Changes To Adoption Bill Excuse Discrimination, Ga. Democrats Say

A bill would allow Georgia adoption agencies to refuse a state agency's referral of adoptive or foster parents based broadly on the "child-placing agency's mission."
A bill would allow Georgia adoption agencies to refuse a state agency's referral of adoptive or foster parents based broadly on the "child-placing agency's mission."
Credit Al Such / WABE
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Private adoption agencies that receive state funding could refuse to provide services based on religious faith and other priorities under a last-minute change swiftly approved Thursday evening by Republicans in a Georgia Senate committee.

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Gay-rights advocates and Democrats in the legislature immediately blasted the change as discriminatory against gay couples. The state’s top official overseeing Georgia’s foster care and adoption systems also warned during Thursday’s committee meeting that the change could violate federal anti-discrimination law and risk millions of dollars in federal funding.

The bill would allow adoption agencies to refuse a state agency’s referral of adoptive or foster parents based broadly on the “child-placing agency’s mission.”

Seven Republican members of the Senate Judiciary Committee supported the amendment to a broader bill updating adoption law; four Democrats on the panel voted no. State Sen. William Ligon, R-Brunswick, who proposed the change defended it as a way to increase the number of adoption agencies that would work with the state.

“When you have a group that has a mission statement that is meeting a need in a community, then we should do all that we can to ensure those needs are met and to encourage that,” Ligon said.

Democrats on the panel, though, said it would excuse discrimination for a variety of reasons, including a potential foster or adoptive parents’ sexuality, and still allow the adoption agency to receive tax dollars. State Sen. Elena Parent, D-Atlanta, said private adoption agencies can make decisions based on religious beliefs or other priorities but shouldn’t be able to receive state funds.

“You can’t then turn around and say ‘You, person who helped pay the taxes I now am getting, are not worthy of being served by me,” Parent said. “You just can’t do that.”

The bill now moves to the Senate’s Rules Committee, which determines whether proposals receive a vote by the full chamber.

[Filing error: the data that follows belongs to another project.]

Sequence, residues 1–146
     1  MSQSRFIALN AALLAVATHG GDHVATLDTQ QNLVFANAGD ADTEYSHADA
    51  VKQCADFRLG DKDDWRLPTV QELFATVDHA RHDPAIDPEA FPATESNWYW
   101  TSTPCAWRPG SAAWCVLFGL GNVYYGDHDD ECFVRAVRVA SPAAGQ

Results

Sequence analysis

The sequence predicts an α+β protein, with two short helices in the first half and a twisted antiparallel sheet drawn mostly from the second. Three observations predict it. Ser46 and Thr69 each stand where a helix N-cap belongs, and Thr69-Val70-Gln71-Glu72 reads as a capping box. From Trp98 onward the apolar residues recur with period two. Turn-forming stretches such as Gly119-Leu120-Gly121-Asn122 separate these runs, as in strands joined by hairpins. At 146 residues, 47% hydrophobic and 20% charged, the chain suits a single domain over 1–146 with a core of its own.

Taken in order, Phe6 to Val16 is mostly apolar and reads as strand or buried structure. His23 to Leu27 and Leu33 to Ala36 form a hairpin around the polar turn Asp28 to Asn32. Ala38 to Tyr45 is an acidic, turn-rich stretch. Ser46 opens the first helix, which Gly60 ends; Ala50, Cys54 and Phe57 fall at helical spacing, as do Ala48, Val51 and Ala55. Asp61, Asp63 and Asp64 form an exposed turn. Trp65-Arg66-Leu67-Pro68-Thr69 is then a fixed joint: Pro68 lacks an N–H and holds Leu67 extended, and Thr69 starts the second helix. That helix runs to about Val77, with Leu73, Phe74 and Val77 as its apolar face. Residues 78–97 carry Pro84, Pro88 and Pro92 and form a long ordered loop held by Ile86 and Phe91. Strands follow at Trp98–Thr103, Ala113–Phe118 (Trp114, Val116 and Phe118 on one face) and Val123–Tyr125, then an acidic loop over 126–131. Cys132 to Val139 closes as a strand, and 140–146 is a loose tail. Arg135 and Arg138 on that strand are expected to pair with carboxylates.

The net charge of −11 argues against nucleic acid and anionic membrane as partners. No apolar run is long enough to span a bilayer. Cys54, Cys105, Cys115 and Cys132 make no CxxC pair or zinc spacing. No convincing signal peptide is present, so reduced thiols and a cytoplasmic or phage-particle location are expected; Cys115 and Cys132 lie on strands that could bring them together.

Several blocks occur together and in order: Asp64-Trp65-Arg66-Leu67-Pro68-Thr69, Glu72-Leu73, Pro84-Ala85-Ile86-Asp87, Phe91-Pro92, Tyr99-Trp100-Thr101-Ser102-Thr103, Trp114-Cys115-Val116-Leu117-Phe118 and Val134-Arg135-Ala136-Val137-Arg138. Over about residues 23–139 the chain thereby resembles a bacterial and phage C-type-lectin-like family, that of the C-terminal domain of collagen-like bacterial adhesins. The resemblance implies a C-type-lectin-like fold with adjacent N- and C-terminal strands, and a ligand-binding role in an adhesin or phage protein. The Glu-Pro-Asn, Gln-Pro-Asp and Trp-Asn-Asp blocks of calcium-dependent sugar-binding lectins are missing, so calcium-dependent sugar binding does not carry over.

It’s not clear whether leadership in the GOP-controlled Senate will help push the bill to a floor vote before lawmakers adjourn at the end of March. Senate leaders bottled up a broad “religious freedom” proposal introduced in February, which supporters said was intended to protect people acting on religious belief but gay-rights advocates feared would excuse discrimination.

If it did pass the Senate, the bill will return to the House for debate. Similar legislation is pending in several states.

Rep. Bert Reeves, R-Marietta, objected making the amendment to his broader bill on adoption law. Reeves said he received the changes about 90 minutes before appearing at the meeting.

Bobby Cagle, director of the Division of Family and Children Services, told senators that the change could violate federal anti-discrimination laws, jeopardizing “several hundred million dollars” each year used for child welfare services. Adoption agencies that sign contracts with the state to place children in foster care or adoption agree to follow federal laws prohibiting discrimination based on race, national origin, gender, age and disabilities, Cagle said.

Gay-rights advocates said they’re worried that it also could allow adoption agencies to make placement decisions against LGBT couples.

“We have a foster care crisis in Georgia that would only be exacerbated by this language that could jeopardize hundreds of millions of dollars in federal funding and deprive children of a loving and caring home because the adoption agency refuses to consider a couple because of who they are rather than the quality of the home they would provide,” said Jeff Graham, executive director of the advocacy group Georgia Equality.

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